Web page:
Oxfam has called for a multi-million dollar Marshall Plan-type scheme to help the three West Africa countries worst affected by Ebola to recover.
More than 8,500 people have died in the outbreak, the vast majority in Sierra Leone, Guinea and Liberia.
Oxfam GB chief executive Mark Goldring said: "The world cannot walk away now that, thankfully, cases of this deadly disease are dropping."
The charity said investment from wealthy countries was crucial.
The Marshall Plan was the post-World War II project for European recovery.
It was officially known as the European Recovery Programme and launched in the name of the then American Secretary of State, George Marshall, in 1947.
Oxfam wants an international pledge to agree recovery plans, with financial support given by wealthy countries.
It said financial help was needed for three areas - providing cash to families affected by Ebola, investing in jobs and also supporting services like health, education and sanitation.
Mr Goldring, speaking on a visit to Liberia, said: "People need cash in their hands now, they need good jobs to feed their families in the near future and decent health, education and other essential services. They've gone through hell, they cannot be left high and dry.
"The world cannot walk away now that, thankfully, cases of this deadly disease are dropping. Failure to help these countries after surviving Ebola will condemn them to a double disaster.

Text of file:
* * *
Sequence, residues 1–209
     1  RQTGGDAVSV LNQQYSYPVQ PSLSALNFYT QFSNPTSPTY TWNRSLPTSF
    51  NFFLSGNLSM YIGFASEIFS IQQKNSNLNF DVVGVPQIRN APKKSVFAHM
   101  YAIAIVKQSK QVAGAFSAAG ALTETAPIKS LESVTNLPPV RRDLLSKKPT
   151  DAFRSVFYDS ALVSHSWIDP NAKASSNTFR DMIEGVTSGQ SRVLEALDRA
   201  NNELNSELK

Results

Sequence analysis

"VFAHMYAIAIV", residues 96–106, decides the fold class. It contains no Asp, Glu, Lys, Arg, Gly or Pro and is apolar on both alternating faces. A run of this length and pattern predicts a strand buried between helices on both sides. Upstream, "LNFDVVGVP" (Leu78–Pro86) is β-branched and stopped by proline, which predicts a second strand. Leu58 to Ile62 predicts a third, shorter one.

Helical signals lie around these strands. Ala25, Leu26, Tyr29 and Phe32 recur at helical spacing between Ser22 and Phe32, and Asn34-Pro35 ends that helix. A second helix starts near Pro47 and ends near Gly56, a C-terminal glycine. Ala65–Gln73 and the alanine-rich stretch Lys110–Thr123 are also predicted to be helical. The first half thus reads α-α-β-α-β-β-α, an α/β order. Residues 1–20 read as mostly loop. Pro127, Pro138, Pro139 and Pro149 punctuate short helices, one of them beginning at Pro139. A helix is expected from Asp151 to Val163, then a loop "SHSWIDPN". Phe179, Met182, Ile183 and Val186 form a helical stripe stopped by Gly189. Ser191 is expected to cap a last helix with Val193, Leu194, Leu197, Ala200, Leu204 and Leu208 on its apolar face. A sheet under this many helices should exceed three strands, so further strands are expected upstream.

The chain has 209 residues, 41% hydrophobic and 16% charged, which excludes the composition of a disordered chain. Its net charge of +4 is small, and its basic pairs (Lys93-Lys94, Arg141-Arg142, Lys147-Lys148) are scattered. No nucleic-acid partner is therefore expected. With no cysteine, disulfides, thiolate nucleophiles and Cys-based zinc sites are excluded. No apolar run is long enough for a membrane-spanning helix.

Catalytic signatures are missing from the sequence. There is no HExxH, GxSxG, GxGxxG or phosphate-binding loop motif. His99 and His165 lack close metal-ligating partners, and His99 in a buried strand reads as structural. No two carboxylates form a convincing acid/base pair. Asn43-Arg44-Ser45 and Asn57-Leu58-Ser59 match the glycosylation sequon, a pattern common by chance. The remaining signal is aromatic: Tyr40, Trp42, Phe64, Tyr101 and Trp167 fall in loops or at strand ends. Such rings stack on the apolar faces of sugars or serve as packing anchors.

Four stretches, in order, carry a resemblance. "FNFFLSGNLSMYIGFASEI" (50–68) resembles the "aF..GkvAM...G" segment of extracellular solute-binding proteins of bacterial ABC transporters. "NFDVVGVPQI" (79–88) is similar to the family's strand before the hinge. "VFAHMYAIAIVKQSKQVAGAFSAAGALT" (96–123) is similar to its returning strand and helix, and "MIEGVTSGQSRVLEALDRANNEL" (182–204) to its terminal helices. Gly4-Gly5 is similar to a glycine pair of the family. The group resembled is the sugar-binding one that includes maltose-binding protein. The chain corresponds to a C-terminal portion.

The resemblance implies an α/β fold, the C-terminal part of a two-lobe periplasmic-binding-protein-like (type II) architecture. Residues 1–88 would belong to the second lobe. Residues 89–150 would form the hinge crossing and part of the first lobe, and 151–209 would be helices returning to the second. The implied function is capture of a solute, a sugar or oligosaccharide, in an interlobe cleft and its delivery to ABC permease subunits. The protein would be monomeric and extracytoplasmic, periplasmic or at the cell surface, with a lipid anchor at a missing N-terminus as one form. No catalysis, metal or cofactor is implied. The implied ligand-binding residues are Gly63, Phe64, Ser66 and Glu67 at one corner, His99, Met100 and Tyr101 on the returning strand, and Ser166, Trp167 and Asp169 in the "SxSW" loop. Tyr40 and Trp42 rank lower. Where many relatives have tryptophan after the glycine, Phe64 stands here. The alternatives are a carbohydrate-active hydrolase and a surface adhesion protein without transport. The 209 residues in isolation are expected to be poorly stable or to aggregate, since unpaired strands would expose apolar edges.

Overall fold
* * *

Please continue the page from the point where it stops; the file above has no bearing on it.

"The world was late in waking up to the Ebola crisis, there can be no excuses for not helping to put these economies and lives back together."
The charity said a survey of 1,648 people in three Liberian counties found 73% of families had seen their income decline following the outbreak, with some struggling to buy enough food as a result.
Its survey found that 60% said they had not had enough food in the past seven days, with a quarter saying this was due to a drop in income and a fifth saying this was due to high food prices.
The price of rice has risen 40% above its seasonal average in Liberia, Oxfam said.
The World Bank has estimated nearly 180,000 people have lost their jobs in Sierra Leone since the outbreak began, with half of the heads of households in Liberia currently out of work.
Food prices have also been rising, adding to families' problems, Oxfam said.
Meanwhile, details have been given of a large-scale trial of vaccines against Ebola.
The US-funded programme will begin in Liberia and will initially see 600 people getting the vaccine.
BBC international development correspondent Mark Doyle said: "Because of the tragedy of the Ebola epidemic in West Africa, and the threat it poses to the whole world, a vaccine that would normally take 10 years to develop is being tested after just two.
"And a small west African nation, Liberia, is playing a vital role in trying to solve a potential global health disaster."